Relationships are a daily practice. Love is not born out of one-off showy gestures, but rather the small acts of kindness over time that build up in our hearts and souls. Anything can be considered a ritual, as we’ve mentioned before in a post on simple rituals. Those who were present for the Glue Talk with Diane Israel walked away with a new understanding of creating ritual in their relationship. A number of attendees shared rituals they were already doing, which helped create a focus on what works best for people. One thing that stood out was how rituals bring couples closer together by acknowledging each individual’s uniqueness.
One of my personal favorites was a regular surprise date. A couple takes turns planning and executing a date, so that each person was able to experience the feeling of relinquishing control. Another fun ritual was a sock exchange. The woman didn’t grow up with Christmas stockings, so her partner started giving her gifts hidden in socks. Soon they both got in the habit of regularly gifting each other small surprises that way, and exchanging simple items they needed, such as chapstick. This ritual shows an attunement to the other’s needs. If it gets mentioned in passing that their gloves have holes in them, a new pair of gloves may show up. Another couple shared the daily practice of sitting on their sofa facing each other with their hot morning beverage to download the day.
A Daily Ritual To Slow Down Time
Rituals are about time. They are about slowing down. For Diane, it is taking the time to watch the sunrise or sunset with her partner, or taking the time to honor her mother who recently passed away.
One of our Glue couples, Jeb & Ashley, created a pyramid that shows them the practices they do to ensure connection, and have it hung in their kitchen. The base level of the pyramid houses all of the daily ways they connect, and this level includes time and ritual. Every night they make sure they turn off their technology, put on music, and cook dinner to slow down and connect to the other.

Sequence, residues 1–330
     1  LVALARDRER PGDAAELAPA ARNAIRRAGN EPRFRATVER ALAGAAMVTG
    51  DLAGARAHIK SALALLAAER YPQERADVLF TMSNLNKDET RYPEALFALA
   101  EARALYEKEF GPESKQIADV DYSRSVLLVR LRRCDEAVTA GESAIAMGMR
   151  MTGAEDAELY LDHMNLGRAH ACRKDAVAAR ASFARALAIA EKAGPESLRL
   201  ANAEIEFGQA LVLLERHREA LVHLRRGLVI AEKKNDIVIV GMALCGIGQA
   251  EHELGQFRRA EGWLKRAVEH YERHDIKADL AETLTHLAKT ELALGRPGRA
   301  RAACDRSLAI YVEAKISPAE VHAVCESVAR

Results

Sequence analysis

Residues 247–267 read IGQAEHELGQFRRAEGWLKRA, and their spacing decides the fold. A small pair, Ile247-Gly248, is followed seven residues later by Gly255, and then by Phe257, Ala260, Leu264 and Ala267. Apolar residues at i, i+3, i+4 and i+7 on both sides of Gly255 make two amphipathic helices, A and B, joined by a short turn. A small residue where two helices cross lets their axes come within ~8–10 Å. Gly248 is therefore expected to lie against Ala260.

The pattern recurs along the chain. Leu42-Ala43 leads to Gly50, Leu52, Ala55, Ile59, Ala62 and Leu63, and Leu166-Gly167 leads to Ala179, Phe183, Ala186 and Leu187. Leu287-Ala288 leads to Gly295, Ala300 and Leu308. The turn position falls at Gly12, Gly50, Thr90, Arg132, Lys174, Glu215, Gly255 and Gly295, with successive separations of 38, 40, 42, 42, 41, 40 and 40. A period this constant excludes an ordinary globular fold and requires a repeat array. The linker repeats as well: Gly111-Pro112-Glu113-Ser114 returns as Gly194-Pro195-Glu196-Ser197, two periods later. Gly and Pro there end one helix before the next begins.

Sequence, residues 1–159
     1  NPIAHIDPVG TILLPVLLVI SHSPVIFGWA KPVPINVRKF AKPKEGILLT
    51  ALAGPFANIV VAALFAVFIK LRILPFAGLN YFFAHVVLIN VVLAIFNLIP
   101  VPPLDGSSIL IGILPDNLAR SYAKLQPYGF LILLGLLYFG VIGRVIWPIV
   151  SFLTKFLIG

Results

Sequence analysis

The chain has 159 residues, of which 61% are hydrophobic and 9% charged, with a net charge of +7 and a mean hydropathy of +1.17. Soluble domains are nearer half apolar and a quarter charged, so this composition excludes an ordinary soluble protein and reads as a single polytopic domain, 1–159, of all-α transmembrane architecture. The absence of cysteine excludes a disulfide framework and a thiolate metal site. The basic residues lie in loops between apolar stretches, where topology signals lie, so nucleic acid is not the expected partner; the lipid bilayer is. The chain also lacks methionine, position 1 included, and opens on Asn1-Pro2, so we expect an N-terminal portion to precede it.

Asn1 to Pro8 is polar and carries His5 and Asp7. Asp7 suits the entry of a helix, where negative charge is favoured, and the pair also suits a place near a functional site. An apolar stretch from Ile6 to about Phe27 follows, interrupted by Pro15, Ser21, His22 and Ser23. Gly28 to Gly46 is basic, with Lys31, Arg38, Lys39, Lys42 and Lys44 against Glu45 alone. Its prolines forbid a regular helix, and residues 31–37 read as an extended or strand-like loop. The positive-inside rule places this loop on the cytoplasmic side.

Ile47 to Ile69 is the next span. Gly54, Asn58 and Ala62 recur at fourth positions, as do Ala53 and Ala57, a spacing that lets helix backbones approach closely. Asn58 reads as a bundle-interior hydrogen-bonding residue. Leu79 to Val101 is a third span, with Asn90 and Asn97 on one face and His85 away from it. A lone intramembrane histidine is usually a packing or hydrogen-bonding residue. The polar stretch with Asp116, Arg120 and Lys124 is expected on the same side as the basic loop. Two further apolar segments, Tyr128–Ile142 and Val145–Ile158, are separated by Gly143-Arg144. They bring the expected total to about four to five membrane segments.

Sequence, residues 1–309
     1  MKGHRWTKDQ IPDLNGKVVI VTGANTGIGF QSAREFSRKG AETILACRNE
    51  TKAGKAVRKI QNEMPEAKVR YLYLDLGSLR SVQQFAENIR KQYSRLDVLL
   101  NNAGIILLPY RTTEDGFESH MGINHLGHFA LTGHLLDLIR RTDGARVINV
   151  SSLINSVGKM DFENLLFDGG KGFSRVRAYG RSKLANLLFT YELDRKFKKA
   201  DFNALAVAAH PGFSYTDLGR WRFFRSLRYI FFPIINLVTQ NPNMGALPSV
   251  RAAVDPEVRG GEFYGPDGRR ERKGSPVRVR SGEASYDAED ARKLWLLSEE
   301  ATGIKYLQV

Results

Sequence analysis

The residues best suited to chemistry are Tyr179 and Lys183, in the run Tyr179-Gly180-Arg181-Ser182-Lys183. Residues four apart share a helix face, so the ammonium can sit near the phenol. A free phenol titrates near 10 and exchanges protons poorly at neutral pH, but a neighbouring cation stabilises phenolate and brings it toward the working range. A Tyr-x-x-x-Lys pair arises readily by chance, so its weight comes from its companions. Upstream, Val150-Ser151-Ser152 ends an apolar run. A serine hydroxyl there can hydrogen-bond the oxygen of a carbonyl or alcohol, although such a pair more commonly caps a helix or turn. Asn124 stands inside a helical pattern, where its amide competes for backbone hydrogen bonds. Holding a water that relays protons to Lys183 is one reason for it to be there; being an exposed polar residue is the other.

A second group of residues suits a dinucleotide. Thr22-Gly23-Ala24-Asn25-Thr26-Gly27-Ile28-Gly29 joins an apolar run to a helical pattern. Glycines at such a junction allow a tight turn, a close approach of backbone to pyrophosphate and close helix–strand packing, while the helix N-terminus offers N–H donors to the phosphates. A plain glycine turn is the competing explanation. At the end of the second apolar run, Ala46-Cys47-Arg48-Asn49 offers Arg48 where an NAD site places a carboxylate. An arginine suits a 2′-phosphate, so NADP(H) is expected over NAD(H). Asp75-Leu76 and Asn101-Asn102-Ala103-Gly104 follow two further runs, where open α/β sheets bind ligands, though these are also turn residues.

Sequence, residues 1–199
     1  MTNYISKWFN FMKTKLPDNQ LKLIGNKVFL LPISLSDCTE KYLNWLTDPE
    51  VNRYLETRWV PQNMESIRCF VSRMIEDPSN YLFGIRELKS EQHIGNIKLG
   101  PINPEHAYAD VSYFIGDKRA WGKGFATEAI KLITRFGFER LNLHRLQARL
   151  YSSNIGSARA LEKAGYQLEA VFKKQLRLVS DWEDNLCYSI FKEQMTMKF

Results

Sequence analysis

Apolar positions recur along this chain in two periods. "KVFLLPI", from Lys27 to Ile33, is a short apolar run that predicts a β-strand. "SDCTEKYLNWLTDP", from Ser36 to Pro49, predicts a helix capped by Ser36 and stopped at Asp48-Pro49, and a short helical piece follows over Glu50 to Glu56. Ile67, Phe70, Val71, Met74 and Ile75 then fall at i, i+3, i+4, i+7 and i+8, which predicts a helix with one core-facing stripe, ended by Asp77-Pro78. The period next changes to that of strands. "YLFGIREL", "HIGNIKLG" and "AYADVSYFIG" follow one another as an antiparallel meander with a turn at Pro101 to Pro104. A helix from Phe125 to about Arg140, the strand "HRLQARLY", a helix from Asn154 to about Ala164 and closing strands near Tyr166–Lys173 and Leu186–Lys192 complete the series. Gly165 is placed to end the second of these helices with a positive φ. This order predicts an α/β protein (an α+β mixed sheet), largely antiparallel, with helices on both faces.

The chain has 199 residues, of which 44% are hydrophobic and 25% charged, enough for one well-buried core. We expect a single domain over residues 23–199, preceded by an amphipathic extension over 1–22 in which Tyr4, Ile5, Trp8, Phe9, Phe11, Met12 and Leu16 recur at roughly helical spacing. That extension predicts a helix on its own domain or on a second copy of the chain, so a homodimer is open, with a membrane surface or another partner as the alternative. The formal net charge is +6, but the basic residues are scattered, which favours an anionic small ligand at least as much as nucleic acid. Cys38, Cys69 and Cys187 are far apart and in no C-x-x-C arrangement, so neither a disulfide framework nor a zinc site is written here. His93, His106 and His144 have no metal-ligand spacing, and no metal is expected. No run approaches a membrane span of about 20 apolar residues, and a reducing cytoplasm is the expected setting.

This time that we live in today is fast paced; the speed at which we operate and the number of distractions that bombard our senses can be overwhelming. Whether in a relationship or not, we must make a commitment to protect part of our day as sacred time. We must slow down and enjoy the small things–going for a walk, paying attention to nature, blessing food, reading before bedtime, enjoying a slow cup of coffee or tea in the morning, etc. When you start to add these practices intentionally to your routine, they become sacred and you start to wonder how you lived your life without them.
Another way to slow down is to reflect on your day by expressing and noticing gratitude. The expression of gratitude can be life changing. If you aren’t in a relationship, take the time at the end of your day to simply pay attention to what you are grateful for. In a partnership, it is a beautiful thing to notice the other. This isn’t solely about thanking them for things that they did (e.g. “thank you for making the bed”), but it is powerful to show your partner you notice them as a human being and acknowledge them for how they show up in the world.
Rituals are About Making the Connections
Remember, it is about acknowledging them as an individual with needs of their own, as in the sock example. You can express appreciation for the things they do that don’t involve you, such as saying “I really appreciate the level of professionalism you showed today in the meeting you told me about,” or “I noticed how patient you were in that frustrating situation,” or “I appreciate the way you are following through on that goal of yours that you set”. Showing your partner that you see them and validate them and appreciate them goes a long way towards building a connection. The act of making the time to say those things, daily, can become ritual, as that sharing of thoughts and feelings becomes a regular sacred practice.
Relationships can be challenging, but the more we slow down and connect to our partner in real time, daily, we can use our relationships as gateways to growth and connection to both ourselves and our partners. The relationship itself should be seen as a sacred opportunity for growth and connection. If this word “ritual” does not resonate with you, start paying attention to the little things that matter to you in your relationship: the way your partner holds your eye contact; the way they greet you at the door when you come home at the end of the day; your daily neighborhood walk. Chances are, if you are in a relationship, some form of ritual is already happening. The work is to bring a level of intention to that connection so that your full attention rests there. Life is filled with ritual, if we only take the time to see it.